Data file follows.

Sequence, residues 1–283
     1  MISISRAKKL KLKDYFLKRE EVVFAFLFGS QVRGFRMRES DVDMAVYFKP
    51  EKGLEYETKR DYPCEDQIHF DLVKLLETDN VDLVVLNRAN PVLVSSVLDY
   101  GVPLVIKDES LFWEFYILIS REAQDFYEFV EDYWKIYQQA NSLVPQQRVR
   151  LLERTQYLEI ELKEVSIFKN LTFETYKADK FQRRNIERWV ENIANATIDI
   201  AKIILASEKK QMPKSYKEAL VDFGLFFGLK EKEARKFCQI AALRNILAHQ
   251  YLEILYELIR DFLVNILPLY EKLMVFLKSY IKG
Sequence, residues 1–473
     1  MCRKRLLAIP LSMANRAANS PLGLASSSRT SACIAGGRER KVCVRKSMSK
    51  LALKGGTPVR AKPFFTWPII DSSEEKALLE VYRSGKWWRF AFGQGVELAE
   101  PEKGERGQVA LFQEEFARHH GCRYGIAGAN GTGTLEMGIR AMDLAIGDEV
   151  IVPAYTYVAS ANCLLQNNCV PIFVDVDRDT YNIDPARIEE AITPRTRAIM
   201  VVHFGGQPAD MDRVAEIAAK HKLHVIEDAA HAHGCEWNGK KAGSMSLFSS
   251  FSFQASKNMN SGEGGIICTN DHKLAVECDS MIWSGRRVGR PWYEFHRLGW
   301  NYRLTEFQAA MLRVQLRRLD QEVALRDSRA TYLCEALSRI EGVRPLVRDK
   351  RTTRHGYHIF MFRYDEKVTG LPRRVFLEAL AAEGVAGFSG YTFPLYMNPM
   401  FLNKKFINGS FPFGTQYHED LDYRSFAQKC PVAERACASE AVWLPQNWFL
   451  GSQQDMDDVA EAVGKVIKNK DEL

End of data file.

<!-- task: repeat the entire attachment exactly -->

Sequence, residues 1–283
     1  MISISRAKKL KLKDYFLKRE EVVFAFLFGS QVRGFRMRES DVDMAVYFKP
    51  EKGLEYETKR DYPCEDQIHF DLVKLLETDN VDLVVLNRAN PVLVSSVLDY
   101  GVPLVIKDES LFWEFYILIS REAQDFYEFV EDYWKIYQQA NSLVPQQRVR
   151  LLERTQYLEI ELKEVSIFKN LTFETYKADK FQRRNIERWV ENIANATIDI
   201  AKIILASEKK QMPKSYKEAL VDFGLFFGLK EKEARKFCQI AALRNILAHQ
   251  YLEILYELIR DFLVNILPLY EKLMVFLKSY IKG
Sequence, residues 1–473
     1  MCRKRLLAIP LSMANRAANS PLGLASSSRT SACIAGGRER KVCVRKSMSK
    51  LALKGGTPVR AKPFFTWPII DSSEEKALLE VYRSGKWWRF AFGQGVELAE
   101  PEKGERGQVA LFQEEFARHH GCRYGIAGAN GTGTLEMGIR AMDLAIGDEV
   151  IVPAYTYVAS ANCLLQNNCV PIFVDVDRDT YNIDPARIEE AITPRTRAIM
   201  VVHFGGQPAD MDRVAEIAAK HKLHVIEDAA HAHGCEWNGK KAGSMSLFSS
   251  FSFQASKNMN SGEGGIICTN DHKLAVECDS MIWSGRRVGR PWYEFHRLGW
   301  NYRLTEFQAA MLRVQLRRLD QEVALRDSRA TYLCEALSRI EGVRPLVRDK
   351  RTTRHGYHIF MFRYDEKVTG LPRRVFLEAL AAEGVAGFSG YTFPLYMNPM
   401  FLNKKFINGS FPFGTQYHED LDYRSFAQKC PVAERACASE AVWLPQNWFL
   451  GSQQDMDDVA EAVGKVIKNK DEL